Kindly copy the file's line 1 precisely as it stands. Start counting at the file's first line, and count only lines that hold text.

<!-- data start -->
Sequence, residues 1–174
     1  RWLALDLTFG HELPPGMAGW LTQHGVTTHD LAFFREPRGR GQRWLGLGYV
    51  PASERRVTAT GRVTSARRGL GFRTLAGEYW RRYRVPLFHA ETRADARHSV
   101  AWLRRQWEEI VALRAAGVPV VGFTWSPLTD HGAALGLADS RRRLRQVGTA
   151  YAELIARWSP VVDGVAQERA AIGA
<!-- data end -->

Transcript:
Sequence, residues 1–174